On top of being compatible with Mini V, iMini supports CORE MIDI, allowing MIDI controller mapping, and WIST sync with compatible apps running on other iDevices. It is also part of Retronym’s Tabletop app environment. Through Tabletop, you can share sounds via Soundcloud, render to .wav, or Audiocopy/paste into another iApp. At this time, iMini doesn’t support Audiobus yet.

Not only does iMini pay homage to the great Bob Moog, but Arturia literally pays back to the Foundation:

To support Bob Moog’s legacy, we are donating a portion of each sale to the Bob Moog Foundation to support their work in science and music education via Dr. Bob’s SoundSchool, their work to preserve, protect and share Bob Moog’s archives, and their vision to build a Moogseum in the coming years (Moogfoundation.org)

Check out the awesome promo vid and tutorial:

Arturia iMini requires at least iPad 2 and iOS 6.0 or later, and costs just $9.99


 

If that’s not enough info to get you moist and/or downloading the app already, head over to Arturia.com  for the full nitty gritty (they always have tons of in depth product info).

Animoog V2

Moog, Animoog, iPad synth

So the world hasn’t ended…yet 🙂

If only the end of an age, and a new beginning, today also marks another important milestone – the launch of Moog’s Animoog V2 for iPad!

This massive update features accelerometer control, so you can literally wobble and modulate sound by physically tilting your device. They’ve also added note hold and scale lock,  Load/Save MIDI CC maps, Audiocopy/Audiopaste and…wait for it…Audiobus support!

Another major and very cool addition is an integrated 4-track recorder, so you can record from within Animoog itself. You can also import audio from your iTunes library, split, loop, copy, paste, and share individual clips, or mix down your tracks and upload directly to SoundCloud. As a holiday gift from Moog:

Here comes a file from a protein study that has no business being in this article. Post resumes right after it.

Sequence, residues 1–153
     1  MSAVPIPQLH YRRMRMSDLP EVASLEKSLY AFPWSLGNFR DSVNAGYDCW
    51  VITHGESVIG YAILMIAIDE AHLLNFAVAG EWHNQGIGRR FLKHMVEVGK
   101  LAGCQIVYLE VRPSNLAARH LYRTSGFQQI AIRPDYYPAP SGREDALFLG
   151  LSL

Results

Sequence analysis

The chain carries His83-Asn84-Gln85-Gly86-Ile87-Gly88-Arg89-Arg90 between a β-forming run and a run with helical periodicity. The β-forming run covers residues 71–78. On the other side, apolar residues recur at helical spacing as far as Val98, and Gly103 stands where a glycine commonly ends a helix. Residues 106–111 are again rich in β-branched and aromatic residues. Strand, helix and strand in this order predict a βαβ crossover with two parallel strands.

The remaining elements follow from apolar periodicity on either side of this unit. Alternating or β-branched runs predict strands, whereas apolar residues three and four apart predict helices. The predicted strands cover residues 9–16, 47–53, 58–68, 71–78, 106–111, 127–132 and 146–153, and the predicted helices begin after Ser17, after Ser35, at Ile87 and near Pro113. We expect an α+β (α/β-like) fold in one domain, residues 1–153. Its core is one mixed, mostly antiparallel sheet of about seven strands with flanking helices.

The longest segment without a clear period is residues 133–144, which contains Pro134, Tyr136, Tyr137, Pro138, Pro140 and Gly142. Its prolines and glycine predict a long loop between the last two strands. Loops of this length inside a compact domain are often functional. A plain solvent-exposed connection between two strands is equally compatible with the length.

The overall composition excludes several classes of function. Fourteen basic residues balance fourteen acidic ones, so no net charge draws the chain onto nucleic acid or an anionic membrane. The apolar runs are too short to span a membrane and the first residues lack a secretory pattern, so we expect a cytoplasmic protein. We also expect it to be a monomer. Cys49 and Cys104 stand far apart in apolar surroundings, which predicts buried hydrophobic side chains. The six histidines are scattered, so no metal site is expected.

“This 4 Track Recorder will be free to existing users until Dec. 31, 2012 at which time it will revert to it’s regular price of $4.99 in the Animoog Store.

Furthermore, between Dec 20th and Dec 31st Animoog for iPad will be available at the promotional price of $14.99 (reg. price $29.99), Animoog for iPhone will be available at the promotional price of $4.99 (reg. price $9.99), and Moog’s first iOS app, Filtatron will be available at the promotional price of $4.99 (reg. price $7.99).”

Check out this video for a glimpse of new features:

Animoog V2: Expanded, Upgraded, Integrated

These are truly exciting times for iOS music, as more and more capabilities have recently appeared allowing totally autonomous mobile music making. Who knows what’s coming down the pipe next hmmm??? Onward towards the future, sailors!

Buy Animoog for iPad 

Buy Animoog for iPhone

Buy Filtatron for iPad

Buy Filtatron for iPhone

Korg iOS Apps Add Audiobus Support

Korg, iOS, apps, iElectribe, iMS20, iPolysix, iElectribe Gorillaz Edition, iKaossilator, Audiobus

Korg updated it’s iOS apps – iMS20, iElectribe, iElectribe Gorillaz Edition, iKaossilator, and the recently released iPolysix – and is now part of the fast-growing Audiobus family!